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New Member Spotlight: University of Alabama in Huntsville

Robert Lindquist

Kannan Grant

UIDP welcomes the University of Alabama in Huntsville (UAH) as a new member organization. Although best known for its research partnerships with NASA’s Marshall Space Flight Center, the U.S. Army, the Missile Defense Agency, the Defense Intelligence Agency, and other important Department of Defense partners, UAH is the anchor tenant of Cummings Research Park, the second-largest corporate research and technology park in the U.S., which includes more than 300 high-tech companies. UIDP spoke with Robert Lindquist, vice president of research and economic development and professor of electrical and computer engineering at UAH, and Kannan Grant, director of UAH’s Office of Technology Commercialization.

UIDP: What is UAH hoping to gain from its membership with UIDP in the coming year? 

Grant: We got our start as a university to address the research and development needs related to Redstone Arsenal (established in 1941 to support the war effort), and we grew up really fast. In 1961, the demand for a highly-trained workforce among the city’s aerospace and defense industries continued to exceed capacity. Seeking a more permanent solution, a committee headed by renowned rocket scientist Dr. Wernher von Braun traveled to the state capital that summer to request a $3 million bond for the establishment of a research institute. In a presentation to the Alabama Legislature, he’s quoted as saying, “It’s the university climate that brings the business. It’s not water, or real estate, or labor, or cheap taxes that bring industry to a state or city. It’s brainpower.”

UAH was founded initially as a research institute to support NASA and the Army Missile Command and the companies that support those efforts; our founding mission was to support companies that were being located in Huntsville.  UAH is the anchor tenant in the second largest research park in the U.S. and fourth largest in the world. We are known for aerospace engineering, but we’re also very active in computer and mathematical sciences, economics, and atmospheric science.

We’ve continued to be an integral part of the region’s economic ecosystem, working with Redstone Arsenal and companies within the defense and aerospace cluster, as well as biotech companies. More than 25% of our research funding comes from industry. We want to look at what others are doing and we’re hoping we can learn and share what we are doing.

Lindquist: Redstone Arsenal is the driving force in this community and leads to hundreds of technology firms being located across the street from us. We have excellent relationships with them, but we’re often treated as another industry partner rather than an educational institution. The traditional university-industry relationship is probably different here. We’re looking at how to educate industry about the benefits of the university and what we can offer, in addition to learning best practices for working with industry.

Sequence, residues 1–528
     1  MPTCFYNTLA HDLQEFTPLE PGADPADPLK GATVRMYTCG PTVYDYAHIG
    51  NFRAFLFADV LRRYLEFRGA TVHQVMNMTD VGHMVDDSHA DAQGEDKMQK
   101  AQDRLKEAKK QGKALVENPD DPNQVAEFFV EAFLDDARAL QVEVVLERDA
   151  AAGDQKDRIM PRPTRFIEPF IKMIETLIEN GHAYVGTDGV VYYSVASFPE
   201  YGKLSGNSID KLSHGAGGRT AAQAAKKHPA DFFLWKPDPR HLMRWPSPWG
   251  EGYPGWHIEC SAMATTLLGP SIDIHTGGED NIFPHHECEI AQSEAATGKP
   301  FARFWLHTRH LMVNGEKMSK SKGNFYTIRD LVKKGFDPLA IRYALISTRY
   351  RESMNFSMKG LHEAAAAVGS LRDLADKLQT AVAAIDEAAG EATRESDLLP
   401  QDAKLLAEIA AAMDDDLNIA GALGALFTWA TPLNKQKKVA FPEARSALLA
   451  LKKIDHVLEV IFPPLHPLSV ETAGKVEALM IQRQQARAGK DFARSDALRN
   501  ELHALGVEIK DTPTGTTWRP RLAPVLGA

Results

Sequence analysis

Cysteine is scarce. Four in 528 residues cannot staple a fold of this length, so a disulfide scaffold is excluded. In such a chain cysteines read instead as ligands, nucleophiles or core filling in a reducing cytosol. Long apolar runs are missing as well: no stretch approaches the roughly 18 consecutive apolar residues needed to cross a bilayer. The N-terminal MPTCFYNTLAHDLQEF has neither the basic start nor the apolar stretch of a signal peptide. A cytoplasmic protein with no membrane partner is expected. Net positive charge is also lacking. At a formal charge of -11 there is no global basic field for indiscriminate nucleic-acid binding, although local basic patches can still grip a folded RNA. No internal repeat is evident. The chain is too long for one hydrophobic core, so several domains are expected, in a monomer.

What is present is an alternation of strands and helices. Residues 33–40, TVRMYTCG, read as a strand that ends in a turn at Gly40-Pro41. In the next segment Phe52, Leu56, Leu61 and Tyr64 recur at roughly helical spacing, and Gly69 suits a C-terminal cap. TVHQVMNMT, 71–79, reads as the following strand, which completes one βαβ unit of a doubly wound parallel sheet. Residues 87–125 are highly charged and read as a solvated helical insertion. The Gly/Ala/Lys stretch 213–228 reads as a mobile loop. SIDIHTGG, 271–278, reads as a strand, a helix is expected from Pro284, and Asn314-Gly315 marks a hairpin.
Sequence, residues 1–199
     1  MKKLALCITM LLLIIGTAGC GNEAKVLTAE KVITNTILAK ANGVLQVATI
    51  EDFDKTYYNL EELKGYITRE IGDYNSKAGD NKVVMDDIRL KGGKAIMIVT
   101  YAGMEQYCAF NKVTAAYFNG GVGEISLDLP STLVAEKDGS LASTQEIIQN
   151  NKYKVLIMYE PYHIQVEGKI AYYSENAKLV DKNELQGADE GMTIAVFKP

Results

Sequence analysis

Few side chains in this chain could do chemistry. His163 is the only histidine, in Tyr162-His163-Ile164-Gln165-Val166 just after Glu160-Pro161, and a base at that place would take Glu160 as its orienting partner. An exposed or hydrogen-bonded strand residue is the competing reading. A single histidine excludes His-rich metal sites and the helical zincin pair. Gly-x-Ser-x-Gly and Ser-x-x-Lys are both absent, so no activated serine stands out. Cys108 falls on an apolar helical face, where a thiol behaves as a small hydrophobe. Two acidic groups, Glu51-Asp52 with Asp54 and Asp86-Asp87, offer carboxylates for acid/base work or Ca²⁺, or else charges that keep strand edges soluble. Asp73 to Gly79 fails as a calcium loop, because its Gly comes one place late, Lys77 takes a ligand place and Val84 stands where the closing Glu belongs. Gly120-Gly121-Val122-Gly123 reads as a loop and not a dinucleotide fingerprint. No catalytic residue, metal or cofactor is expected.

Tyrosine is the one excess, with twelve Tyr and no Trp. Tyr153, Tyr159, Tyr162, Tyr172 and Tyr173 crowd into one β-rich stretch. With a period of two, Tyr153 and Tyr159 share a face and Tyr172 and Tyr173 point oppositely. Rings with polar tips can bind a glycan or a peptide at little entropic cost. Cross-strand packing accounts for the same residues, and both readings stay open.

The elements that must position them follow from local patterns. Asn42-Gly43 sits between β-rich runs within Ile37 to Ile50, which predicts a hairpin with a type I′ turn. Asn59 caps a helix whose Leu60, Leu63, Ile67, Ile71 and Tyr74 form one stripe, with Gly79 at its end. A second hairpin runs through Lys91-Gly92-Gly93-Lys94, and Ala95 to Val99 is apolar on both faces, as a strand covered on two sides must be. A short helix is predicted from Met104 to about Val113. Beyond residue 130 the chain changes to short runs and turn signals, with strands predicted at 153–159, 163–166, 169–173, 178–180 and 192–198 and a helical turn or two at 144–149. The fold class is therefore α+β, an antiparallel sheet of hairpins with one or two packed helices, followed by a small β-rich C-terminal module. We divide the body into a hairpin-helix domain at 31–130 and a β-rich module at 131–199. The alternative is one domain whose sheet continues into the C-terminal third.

UIDP: What are the current challenges that UAH is facing in the development of university-industry partnerships? 

Lindquist: It’s not unusual to see other institutions put buildings up across the street from the UAH campus; our location adjacent to Redstone Arsenal is both a challenge and a benefit. The relationships we have with industry are very good. Our partnership effort is to have a true collaboration instead of a philanthropic-type of approach to industry.

UAH is fifth in the nation for federal expenditures in aerospace R&D, but we’re not a political force in the state, and by not being a political force, you have to do everything on the lean. There isn’t a lot of funding to market yourself, to get your story out. We have to figure out a different way to reach industry with our strengths.

UIDP: Please share any innovative ways that UAH is making an impact on U-I interactions.  

Grant: Over the last few years, we have really taken a forward-looking stance in working with industry. One of the biggest challenges in collaboration was how to handle intellectual property; it’s a huge issue. We’ve taken the stance that when companies fund research at UAH, using their internal research and development dollars, they would own all IP that is generated from such activity. That’s what we’ve done to make it an easy decision to work with UAH for everyone. We also want to foster local companies working with us, and not just in the aerospace and defense sectors. It’s great to work with companies for workforce development as well as sponsored research because the companies provide the context for students and research. I think they’re gaining more because it’s a true collaboration.

UIDP: Please share an example of a particularly successful U-I project or partnership.

Lindquist: Aerojet Rocketdyne is a company that leases space on campus and has been co-located at UAH since 2009. Aerojet Rocketdyne has also invested in a professorship, the Aerojet Rocketdyne Chair in Space Science. We also have NOAA and NASA co-located relationships; being co-located with researchers on the campus leads to a warmer, more organic relationship. The proximity is key. We welcome any company that wants to have that type of relationship. We have similar successful relationships with Boeing in the Huntsville Design Center.